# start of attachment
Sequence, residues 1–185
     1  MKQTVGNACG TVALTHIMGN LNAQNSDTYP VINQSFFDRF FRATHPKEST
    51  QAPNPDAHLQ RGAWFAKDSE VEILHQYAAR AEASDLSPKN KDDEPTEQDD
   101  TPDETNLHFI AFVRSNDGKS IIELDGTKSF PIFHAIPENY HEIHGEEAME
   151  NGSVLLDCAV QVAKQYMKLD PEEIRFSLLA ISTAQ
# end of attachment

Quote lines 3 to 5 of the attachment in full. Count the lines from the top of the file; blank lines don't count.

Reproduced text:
    51  QAPNPDAHLQ RGAWFAKDSE VEILHQYAAR AEASDLSPKN KDDEPTEQDD
   101  TPDETNLHFI AFVRSNDGKS IIELDGTKSF PIFHAIPENY HEIHGEEAME
   151  NGSVLLDCAV QVAKQYMKLD PEEIRFSLLA ISTAQ